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8110 Gatehouse Road, Falls Church, VA 22042

Conditions

Gliomas

Gliomas are the most common primary malignant tumor of the brain, meaning cancers that start in the brain. Gliomas include glioblastoma, astrocytoma, oligodendroglioma, ependymoma, and other similar tumors. Gliomas can occur in any area of the brain. Gliomas can cause different symptoms depending on where they are located in the brain.

Treatment options for gliomas include surgery, laser ablation therapy (LITT), radiation, chemotherapy, targeted drugs, and tumor treating fields. Gliomas range from very slow growing to very fast growing. Optimizing treatment requires knowing the type of glioma, the molecular features of the glioma, the location in the brain, and the attributes of the person.

Meningiomas

Meningiomas are benign tumors of the lining of the brain or spinal cord. In many cases they can be cured with surgery and/or radiation. Small meningiomas may even be watched and not require treatment. In some cases meningiomas can come back or become more aggressive and may be treated with drugs.

Rare Brain Tumors

Many types of brain and spine tumors are rare and effect only a few thousand people in the US every year. Some examples of rare tumors of the brain and spine are primary CNS lymphomas, CNS germ cell tumors, adult medulloblastoma, or ependymoma. Most cancer doctors who do not specialize in neuro-oncology see maybe one person in their career with these tumors.

Treatment and follow up requires knowing the most up to date testing and protocols.

Metastatic Brain Tumors

Metastatic brain tumors are cancers that start somewhere else in the body, such as lung cancer or breast cancer, and then spread to the brain. Metastatic brain tumors may cause symptoms or may be found during routine staging scans. Metastatic brain tumors may be treated with surgery, laser therapy (LITT), radiation, or drugs.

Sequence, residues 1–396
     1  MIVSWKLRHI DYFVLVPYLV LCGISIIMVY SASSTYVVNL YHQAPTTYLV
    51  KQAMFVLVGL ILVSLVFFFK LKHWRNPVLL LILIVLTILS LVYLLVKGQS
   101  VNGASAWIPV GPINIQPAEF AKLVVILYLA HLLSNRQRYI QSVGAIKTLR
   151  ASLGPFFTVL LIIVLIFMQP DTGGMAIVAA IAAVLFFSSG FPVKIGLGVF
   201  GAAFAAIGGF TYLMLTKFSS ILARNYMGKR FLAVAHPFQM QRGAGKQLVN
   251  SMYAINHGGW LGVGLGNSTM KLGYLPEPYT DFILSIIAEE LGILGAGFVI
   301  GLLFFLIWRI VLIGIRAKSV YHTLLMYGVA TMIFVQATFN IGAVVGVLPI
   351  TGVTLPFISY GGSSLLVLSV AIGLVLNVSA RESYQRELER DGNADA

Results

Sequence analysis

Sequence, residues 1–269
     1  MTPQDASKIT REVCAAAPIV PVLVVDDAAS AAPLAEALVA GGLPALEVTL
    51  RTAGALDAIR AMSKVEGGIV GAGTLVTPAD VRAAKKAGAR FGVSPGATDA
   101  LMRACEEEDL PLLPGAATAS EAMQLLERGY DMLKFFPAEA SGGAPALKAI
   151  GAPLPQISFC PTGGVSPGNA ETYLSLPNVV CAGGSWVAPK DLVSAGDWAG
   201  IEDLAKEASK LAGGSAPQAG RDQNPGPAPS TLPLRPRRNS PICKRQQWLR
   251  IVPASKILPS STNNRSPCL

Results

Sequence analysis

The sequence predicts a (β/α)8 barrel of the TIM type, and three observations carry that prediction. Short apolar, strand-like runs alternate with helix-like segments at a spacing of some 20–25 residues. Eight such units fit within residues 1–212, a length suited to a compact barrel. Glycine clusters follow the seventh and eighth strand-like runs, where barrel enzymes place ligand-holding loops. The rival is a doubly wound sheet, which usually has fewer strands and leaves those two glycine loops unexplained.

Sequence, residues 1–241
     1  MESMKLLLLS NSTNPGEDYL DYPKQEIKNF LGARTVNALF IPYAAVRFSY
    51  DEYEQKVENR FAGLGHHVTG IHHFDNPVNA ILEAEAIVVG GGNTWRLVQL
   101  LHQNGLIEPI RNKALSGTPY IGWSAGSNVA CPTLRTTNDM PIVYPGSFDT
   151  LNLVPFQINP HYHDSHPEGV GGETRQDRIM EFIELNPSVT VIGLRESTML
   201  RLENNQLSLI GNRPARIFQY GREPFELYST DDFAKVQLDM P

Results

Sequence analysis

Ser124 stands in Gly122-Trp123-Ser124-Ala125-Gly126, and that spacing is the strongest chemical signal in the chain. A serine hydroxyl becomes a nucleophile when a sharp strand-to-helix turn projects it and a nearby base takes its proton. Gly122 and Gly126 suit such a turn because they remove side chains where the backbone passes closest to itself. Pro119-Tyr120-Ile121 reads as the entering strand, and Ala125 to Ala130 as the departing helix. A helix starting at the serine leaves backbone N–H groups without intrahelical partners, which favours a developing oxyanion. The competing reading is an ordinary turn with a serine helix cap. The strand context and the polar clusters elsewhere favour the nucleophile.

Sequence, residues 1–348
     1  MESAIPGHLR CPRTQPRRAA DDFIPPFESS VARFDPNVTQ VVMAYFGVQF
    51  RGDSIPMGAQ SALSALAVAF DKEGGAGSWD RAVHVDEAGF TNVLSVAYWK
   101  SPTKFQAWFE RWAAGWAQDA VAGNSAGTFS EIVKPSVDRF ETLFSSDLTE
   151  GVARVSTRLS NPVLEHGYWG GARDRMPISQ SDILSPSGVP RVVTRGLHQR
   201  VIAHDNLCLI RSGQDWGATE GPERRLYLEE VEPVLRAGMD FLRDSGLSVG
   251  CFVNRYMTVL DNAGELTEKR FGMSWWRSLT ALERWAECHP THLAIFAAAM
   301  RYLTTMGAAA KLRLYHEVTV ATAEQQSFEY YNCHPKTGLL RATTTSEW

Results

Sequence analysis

The treatment depends on the type of cancer, the symptoms, the location in the brain, and how the cancer is affecting the rest of a person’s body.

Pituitary Tumors

Pituitary tumors, also called adenomas, are benign growths in the pituitary gland. The pituitary gland hangs down from the brain, behind the nose, and produces hormones that regulate metabolism, sexual function, salt balance, and growth. Pituitary tumors may be found on imaging for something else, because of vision problems from pressure on the nerves from the eyes that run just above the pituitary gland, or from effects of having too much or too little of hormones.

Pituitary tumors may be treated by hormone treatment by endocrinologists or may require surgery or radiation. Pituitary tumors are rarely life threatening, but appropriate monitoring and correction of hormone imbalances is important to optimize quality of life.

Primary Spine Tumors

Any of the brain tumors, including gliomas, meningiomas, or metastatic tumors, can also start in the spinal cord or vertebras surrounding the spinal cord. Ependymoma also commonly occurs in the spinal cord. Tumors of the spinal cord and the surrounding vertebra that protect the spinal cord can affect strength, sensation, bowel or bladder function, or cause pain.